After Dwyane Wade’s endorsement deals with Nike subsidiary Jordan Brand ended in 2012, the basketball star’s next strategy play was as calculated as his moves on the court.
“When I decided to sign with Li-Ning, a Chinese brand, I looked at the future — what could we possibly do, what we could possibly build internationally,” he shared with Footwear News on Thursday in Los Angeles at the Variety and Sports Illustrated Sports and Entertainment Summit.
“I’ve been four years in that and we could do a lot better,” Wade added. “I’m excited to see where the next three or four years will take us.”
Wade, who recently announced that he was joining the Chicago Bulls after 13 seasons with the Miami Heat, led a keynote conversation alongside his agent Lisa Joseph-Metelus, of CAA, on his branding and global presence that transcends sports, footwear, books, television and more.
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Speaking to the crowd, Joseph-Metelus credited Wade’s tenacity for his success.
“When I met him, he had one deal with Converse — and it was a half-million dollars,” she said. “But as he quickly ascended and won his first championship, everything started rolling.”
Wade’s agent at CAA added that following a conversation outside an arena for one of his games, he declared his ambition. “He said, ‘I want more,’ ” she recalled. “He said he wants to do things outside his endorsement deals — out of the box things.”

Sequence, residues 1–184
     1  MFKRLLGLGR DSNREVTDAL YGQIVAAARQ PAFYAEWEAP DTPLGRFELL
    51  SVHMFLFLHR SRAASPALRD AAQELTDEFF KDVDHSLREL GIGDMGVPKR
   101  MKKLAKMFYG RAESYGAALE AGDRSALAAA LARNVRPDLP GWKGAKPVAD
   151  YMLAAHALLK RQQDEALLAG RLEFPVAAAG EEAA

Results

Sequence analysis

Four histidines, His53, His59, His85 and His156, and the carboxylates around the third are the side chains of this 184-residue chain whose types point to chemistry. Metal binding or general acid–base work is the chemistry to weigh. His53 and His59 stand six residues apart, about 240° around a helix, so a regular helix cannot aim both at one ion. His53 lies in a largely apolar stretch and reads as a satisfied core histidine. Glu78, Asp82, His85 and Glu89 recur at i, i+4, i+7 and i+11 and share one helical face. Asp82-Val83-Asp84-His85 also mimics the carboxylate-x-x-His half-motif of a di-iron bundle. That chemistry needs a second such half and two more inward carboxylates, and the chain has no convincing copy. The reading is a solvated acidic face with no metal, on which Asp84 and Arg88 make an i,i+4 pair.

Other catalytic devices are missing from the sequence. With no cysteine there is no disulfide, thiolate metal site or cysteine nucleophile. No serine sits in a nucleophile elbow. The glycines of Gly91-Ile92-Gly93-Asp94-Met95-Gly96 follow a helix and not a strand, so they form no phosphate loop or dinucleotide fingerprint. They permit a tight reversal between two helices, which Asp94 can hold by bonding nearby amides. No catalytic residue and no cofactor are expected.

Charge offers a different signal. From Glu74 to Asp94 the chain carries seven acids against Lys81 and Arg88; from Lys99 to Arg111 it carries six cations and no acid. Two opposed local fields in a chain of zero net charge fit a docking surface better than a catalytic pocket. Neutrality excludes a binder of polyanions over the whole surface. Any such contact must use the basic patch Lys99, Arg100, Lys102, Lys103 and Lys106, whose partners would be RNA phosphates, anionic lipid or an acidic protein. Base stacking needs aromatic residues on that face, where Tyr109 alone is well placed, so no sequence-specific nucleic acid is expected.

Wade cited Magic Johnson as an influence in growing his influence off the court, and has met with him for advice.
The baller added that a “moment of injury opened my eyes” in 2007.
“There was a moment in my career that I realized that basketball can end at any moment,” he explained. “I got shoulder surgery, knee surgery, and I was laying in bed 23 hours out of 24 — 10 days straight, just thinking about my life and where I was at. ‘Have I done enough? Am I satisfied at 25?’ ”
Among the entertainment and sports industry tastemakers, Jamie Foxx – clad in a pair of Gucci sneakers – made an appearance during the day-long program to interview Wade.
Speaking to FN, Foxx recalled how he managed to satisfy his taste for nice kicks while on a budget.
“I wanted it all, but we didn’t have any money,” Foxx explained. “My grandmother got me some Converse, but they were way too big. Like, one shoe was smaller than the other.”
It was built wrong, he said, adding that it was an irregular pair from “the little basket in front of the grocery store.”
Foxx said that he needed to wear the sneakers for a game when he was in the seventh grade and came up with a solution to get a proper fit: “For those shoes, I had on, like, 90 pairs of socks.”